Charis Loke brings us the sights of Malaysia’s 14th general election in this series of sketches. Her previous entry can be found here.
6 May 2018: Barisan Nasional ‘Konsert Gegar Indian Malaysia Superstar’ in Thivy Jaya (8pm)
On Sunday I finally manage to find a poster for a Barisan Nasional event that’ll take place in Taman Thivy Jaya, a residential area I used to pass on my way to school every day.
Loud Bollywood music is playing from the speakers; this is, after all, a “Konsert Gegar Indian Malaysian Superstar”. Most of the concertgoers are Indian families from the residential area. There are a handful of older Chinese women and men but almost no Malays.
The Malaysian Chinese Association (MCA) candidate for my state constituency dances on stage with one of the featured singers for the night. About 150 people are sitting on red plastic chairs, fanning themselves with plastic fans printed with photos of candidates, or milling around outside the tent. The emcee exhorts the crowd to applaud during every speech; the candidates plead for a chance to serve as their representatives.
The phrases “undilah dengan waras (vote with a sound mind)” and “keharmonian negara (harmony of the nation)” are used more than once, but almost no mention of policy or economy is made. After each speech, there’s singing or dancing.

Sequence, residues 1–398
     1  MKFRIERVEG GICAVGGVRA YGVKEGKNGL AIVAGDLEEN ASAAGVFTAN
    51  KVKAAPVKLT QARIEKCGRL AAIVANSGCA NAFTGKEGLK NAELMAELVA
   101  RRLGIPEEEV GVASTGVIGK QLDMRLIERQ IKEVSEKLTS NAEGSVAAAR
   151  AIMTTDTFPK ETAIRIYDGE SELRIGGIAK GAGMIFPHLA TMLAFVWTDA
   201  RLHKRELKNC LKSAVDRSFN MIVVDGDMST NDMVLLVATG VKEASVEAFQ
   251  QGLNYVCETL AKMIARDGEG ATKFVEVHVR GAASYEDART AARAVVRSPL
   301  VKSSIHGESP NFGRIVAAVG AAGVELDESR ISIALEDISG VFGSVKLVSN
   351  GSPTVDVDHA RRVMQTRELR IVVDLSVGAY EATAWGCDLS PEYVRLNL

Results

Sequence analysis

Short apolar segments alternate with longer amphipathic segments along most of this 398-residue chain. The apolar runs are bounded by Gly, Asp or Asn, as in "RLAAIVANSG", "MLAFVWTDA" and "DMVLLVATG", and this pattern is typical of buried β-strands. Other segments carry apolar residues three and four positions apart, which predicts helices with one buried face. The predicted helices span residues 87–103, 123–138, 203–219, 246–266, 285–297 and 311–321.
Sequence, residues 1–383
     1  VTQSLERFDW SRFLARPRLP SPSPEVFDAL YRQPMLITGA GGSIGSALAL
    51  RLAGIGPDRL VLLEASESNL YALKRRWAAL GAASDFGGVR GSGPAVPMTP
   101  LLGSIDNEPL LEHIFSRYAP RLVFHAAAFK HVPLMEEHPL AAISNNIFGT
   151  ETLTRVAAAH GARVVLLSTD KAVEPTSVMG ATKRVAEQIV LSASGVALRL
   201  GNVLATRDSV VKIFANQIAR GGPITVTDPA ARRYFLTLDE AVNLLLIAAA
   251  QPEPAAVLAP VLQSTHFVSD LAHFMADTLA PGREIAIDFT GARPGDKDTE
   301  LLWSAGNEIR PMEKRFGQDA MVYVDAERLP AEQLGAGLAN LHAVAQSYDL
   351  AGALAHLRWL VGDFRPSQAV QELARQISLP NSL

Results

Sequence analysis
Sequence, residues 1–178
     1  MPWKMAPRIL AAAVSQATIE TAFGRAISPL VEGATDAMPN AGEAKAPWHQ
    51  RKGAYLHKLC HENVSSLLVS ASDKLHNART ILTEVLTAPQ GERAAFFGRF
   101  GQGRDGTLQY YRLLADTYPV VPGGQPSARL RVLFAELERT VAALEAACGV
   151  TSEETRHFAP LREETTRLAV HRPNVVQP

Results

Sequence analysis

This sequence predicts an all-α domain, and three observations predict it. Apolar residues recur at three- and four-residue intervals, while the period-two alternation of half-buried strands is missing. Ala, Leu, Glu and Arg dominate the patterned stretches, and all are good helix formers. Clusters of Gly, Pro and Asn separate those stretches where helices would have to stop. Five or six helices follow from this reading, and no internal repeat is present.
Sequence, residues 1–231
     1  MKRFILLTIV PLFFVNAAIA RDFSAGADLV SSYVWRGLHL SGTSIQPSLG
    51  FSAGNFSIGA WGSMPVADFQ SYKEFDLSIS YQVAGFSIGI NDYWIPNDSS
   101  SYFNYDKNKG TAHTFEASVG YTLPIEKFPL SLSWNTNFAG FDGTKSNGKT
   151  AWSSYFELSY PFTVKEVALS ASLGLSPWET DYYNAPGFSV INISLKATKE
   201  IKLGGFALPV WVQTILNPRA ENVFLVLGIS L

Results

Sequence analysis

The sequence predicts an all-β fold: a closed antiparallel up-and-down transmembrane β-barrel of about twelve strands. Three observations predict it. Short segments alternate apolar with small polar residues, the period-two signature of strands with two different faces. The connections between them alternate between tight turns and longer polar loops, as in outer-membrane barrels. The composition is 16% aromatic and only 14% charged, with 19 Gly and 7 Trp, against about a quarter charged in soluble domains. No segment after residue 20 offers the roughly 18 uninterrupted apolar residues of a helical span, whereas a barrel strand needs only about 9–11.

It’s hard to miss the mountain bike on stage—one of many lucky draw prizes for the night—even though it’s frequently wreathed in smoke from a fog machine. At one point, large containers of free mee hoon and warm tea are carried out from a van; people line up to grab a bite.
Finally, the MCA candidate for the parliamentary seat of Rasah takes the stage. He condemns a recent social media post by an opposition candidate as divisive, and tells the audience to continue voting Barisan National for national harmony. There’s some clapping from the crowd. The loudest clapping comes from party members dressed in blue who are sitting up front.
Shortly after his speech, he’s surrounded by a group of roughly ten to fifteen young adults who ask to speak to him.